If you think that Switzerland is only famous for its mountains, banks and watches, and that it doesn’t mean anything in the world of cars and racing, that means that you’ve never hear the name of Jo Siffert – one of the most famous Swiss racing drivers of all time.
He was born in 1936 into a very Swiss family – his father was a dairy owner who taught him his first trade skills. As TAG Heuer president Jack Heuer recalls, “Siffert wouldn’t let me go home until he sold me a Porsche 911.” But Siffert nevertheless chose the racing path. His début was in the mid-1950s, racing motorcycles. But as a star, Jo (who, by the way, was also known by his nickname “Seppi”) began to shine in 1959 when he won the Swiss 350 cc motorcycle championship. Albeit, his parents weren’t rich, so Jo had to make money in a not-so-Swiss way, selling scrap metal, and later – second-hand cars.
However, motor sport fame and the money he pulled in on the side bore fruit and eventually allowed Seppi to fulfil his old dream of racing cars. He began with Formula Junior (small race cars around 400 kg with one-litre engines or less), where he even became the European champion. Back in the early 1960s, getting into Formula One was a lot easier than it is today, and his Formula Junior victory opened the way for Siffert to the queen of motor sport.
Siffert made his first F1 start in 1962, navigating the turns of Belgium’s Circuit de Spa in a Lotus 24. He did fairly well on the track, but had less success in getting along with the team managers. In 1964, after falling out with management, he left the Swiss Ecurie Filipinetti and, as if he were Ferrucio Lamborghini after a dispute with Enzo Ferrari, bought his own team – Brabham-BRM, where he was both the manager and the only driver. His ambitions cost Jo dearly. It turned out that keeping a team wasn’t as easy as racking up victories on the track – on the road, he usually had to stay at cheap motels, or sometimes even in barns or under the starry sky next to the track. Even having a meal was often a great luxury, and Siffert suppressed his hunger with cheap but strong cigarettes.
However, even this didn’t discourage Siffert, and he began doing better and better on the track. In 1964, he finished fourth at “The Green Hell” – Nürburgring, and won a non-championship race at Enna-Pergusa in Sicily. That was a race that changed Jo’s career. Siffert was neck to neck with then World Champion Jim Clark, beating him by just one-tenth of a second in a nail-biting scenario. And that’s how Siffert was discovered by Rob Walker, who managed the most successful private team in Formula One history. He took Seppi under his wing and success on F1 circuits followed for a few seasons. Siffert was regularly in the top 10, and won at Enna-Pergusa again in 1965. However, a new engine meant that the 1966 season was not particularly successful for Rob Walker’s team, and apparently Siffert began to explore new spaces for self-realisation as a result.
In 1967, Siffert tried his hand at sports car racing. Driving Porsches and Ferraris modified for racing, Siffert took some respectable places (for example, fifth at the 24 Hours of Le Mans), but he didn’t give up Formula One. The next season, 1968, was wildly successful for Jo and brought him the title of the best driver in the world. It was Siffert who clinched the last Formula One victory for a private team, winning the 1968 British Grand Prix in a Lotus after beating Chris Amon’s Ferrari in a tense battle. That same F1 season, he managed to grab a few more top places (for example, fifth at the United States Grand Prix) and pull in one victory after another in sports car racing.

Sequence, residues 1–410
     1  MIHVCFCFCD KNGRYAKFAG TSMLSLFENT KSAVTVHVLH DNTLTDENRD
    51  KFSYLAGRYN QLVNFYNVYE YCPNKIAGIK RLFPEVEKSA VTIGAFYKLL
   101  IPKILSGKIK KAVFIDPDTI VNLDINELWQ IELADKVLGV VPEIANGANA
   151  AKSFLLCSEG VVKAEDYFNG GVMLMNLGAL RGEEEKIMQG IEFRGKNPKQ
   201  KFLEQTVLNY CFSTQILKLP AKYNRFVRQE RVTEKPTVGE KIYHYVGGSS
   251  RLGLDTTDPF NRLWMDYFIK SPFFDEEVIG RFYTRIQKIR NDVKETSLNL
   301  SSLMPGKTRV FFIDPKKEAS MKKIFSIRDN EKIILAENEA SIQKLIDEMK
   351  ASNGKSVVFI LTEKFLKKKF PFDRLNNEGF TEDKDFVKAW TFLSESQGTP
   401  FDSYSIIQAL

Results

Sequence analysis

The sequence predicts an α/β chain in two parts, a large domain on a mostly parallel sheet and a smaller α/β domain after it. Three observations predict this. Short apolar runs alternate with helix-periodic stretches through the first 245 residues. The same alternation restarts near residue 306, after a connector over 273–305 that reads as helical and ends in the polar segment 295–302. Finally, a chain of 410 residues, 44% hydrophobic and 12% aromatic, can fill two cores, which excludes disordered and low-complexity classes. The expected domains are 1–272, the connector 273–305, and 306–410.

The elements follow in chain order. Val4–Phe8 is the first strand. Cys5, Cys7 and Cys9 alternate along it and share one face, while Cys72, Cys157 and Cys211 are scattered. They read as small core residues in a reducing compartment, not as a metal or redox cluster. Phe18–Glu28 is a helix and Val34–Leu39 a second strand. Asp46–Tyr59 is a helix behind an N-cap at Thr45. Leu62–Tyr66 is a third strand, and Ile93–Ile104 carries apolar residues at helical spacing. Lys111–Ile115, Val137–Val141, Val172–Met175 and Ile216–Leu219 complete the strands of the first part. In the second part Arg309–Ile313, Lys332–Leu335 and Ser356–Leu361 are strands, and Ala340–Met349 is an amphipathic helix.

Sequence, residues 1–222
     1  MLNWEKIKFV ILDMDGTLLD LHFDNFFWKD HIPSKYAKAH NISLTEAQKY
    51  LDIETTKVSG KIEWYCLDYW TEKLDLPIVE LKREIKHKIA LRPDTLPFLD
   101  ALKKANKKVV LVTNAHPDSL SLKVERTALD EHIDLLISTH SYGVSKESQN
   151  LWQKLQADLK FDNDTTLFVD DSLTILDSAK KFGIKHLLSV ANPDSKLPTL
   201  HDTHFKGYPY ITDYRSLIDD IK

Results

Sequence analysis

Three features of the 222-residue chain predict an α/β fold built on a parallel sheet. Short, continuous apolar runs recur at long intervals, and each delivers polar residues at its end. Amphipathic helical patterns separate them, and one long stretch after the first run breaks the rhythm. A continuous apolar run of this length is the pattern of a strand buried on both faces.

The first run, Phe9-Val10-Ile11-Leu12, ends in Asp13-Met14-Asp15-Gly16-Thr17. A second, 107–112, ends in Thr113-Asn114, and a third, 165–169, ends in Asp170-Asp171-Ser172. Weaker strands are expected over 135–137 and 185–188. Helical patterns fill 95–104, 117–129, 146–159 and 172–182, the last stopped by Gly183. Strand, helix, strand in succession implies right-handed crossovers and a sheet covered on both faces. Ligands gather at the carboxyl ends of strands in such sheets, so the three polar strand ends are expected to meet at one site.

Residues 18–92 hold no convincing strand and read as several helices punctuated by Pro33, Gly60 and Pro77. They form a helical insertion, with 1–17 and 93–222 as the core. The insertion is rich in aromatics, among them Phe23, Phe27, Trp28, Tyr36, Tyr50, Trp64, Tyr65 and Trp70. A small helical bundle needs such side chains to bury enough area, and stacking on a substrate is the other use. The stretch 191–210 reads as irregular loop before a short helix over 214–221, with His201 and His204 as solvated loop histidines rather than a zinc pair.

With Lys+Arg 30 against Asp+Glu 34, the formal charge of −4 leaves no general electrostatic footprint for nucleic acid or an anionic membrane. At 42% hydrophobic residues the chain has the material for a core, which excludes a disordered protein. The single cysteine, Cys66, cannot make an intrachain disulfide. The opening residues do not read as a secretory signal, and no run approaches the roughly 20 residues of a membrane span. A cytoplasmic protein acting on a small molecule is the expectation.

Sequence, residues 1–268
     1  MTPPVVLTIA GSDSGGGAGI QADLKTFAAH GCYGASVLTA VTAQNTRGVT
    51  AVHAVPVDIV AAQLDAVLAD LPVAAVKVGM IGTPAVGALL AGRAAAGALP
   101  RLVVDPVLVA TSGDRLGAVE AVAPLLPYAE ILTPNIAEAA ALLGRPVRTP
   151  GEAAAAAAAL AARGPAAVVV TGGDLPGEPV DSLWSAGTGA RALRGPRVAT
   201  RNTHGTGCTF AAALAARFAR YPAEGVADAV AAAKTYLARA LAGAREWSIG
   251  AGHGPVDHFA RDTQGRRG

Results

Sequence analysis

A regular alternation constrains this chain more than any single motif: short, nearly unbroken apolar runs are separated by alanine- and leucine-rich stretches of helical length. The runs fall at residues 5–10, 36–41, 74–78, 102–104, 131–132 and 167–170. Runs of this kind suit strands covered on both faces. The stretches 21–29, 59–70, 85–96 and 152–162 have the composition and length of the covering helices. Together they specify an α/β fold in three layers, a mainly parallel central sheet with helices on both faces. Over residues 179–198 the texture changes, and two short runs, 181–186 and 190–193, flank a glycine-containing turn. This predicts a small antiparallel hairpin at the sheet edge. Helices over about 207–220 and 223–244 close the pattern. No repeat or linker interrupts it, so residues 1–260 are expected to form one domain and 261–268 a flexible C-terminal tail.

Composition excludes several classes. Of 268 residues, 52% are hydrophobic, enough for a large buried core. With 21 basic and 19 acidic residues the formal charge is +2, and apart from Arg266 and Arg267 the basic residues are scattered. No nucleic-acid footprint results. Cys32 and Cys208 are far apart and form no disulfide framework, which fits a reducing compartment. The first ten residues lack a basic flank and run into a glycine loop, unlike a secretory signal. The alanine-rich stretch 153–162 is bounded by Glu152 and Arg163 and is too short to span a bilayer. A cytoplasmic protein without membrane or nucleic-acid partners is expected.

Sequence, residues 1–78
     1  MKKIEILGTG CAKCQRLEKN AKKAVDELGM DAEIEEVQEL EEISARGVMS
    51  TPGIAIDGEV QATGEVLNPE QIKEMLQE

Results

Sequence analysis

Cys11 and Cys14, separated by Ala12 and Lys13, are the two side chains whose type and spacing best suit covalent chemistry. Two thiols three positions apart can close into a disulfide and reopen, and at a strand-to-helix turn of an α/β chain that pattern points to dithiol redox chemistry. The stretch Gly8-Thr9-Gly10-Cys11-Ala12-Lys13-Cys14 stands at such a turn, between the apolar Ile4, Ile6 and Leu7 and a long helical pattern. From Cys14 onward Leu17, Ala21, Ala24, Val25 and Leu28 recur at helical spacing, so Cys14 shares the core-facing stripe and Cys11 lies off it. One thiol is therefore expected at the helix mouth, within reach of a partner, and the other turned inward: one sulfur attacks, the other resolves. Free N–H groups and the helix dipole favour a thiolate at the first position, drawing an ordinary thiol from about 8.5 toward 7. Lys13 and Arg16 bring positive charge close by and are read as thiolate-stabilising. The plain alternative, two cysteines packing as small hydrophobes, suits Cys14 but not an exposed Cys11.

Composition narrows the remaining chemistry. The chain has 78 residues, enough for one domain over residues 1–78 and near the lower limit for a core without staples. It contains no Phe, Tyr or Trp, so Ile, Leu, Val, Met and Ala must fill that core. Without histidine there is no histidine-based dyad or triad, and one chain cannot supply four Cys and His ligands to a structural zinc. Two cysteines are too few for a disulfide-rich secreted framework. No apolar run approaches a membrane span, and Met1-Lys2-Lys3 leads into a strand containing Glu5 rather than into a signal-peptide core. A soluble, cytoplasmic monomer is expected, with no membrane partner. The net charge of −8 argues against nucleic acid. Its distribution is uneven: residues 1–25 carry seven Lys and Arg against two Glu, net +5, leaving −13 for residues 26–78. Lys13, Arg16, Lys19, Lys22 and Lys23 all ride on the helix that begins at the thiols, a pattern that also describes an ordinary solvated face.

Siffert ascended to stardom and became a member of the Porsche factory team itself. During the 1968 season, he won the 24 Hours of Daytona and the 12 Hours of Sebring in a Porsche 917, as well as two 1,000-km nightmares at Nürburgring and in Australia. He won the latter without ever changing places with the team’s other driver. Incidentally, it was that year that he finally notched his first F1 victory, at the British Grand Prix.
During the 1969 season, Siffert was accompanied by similar success. Having become a motor sport star, he drew the attention of advertisers. TAG Heuer, which we already mentioned, put a Chronomatic Caliber 11 on his wrist – the first watch in the world with automatic chronograph movements. Perhaps this was one of the reasons why Siffert achieved his most impressive victories in tenths of a second.
It seemed as if Siffert had a lot of champagne bottles in front of him just waiting to be sprayed. After yet another successful season in 1970 and joining a new team, Siffert planned to keep racking up victories in 1971 as well. In spite of some setbacks, Seppi was doing well right up until the last race of the race on the same track where he had won his first Formula One Grand Prix – Brands Hatch, in the United Kingdom. After a minor collision, his car’s suspension was damaged. Seppi lost control of his car, which went up in flames as the world’s best racer died from smoke inhalation. Jo Siffert’s funeral was attended by 50,000 people, and even today he is remembered in Switzerland with the same respect that Brazil remembers Ayrton Senna.
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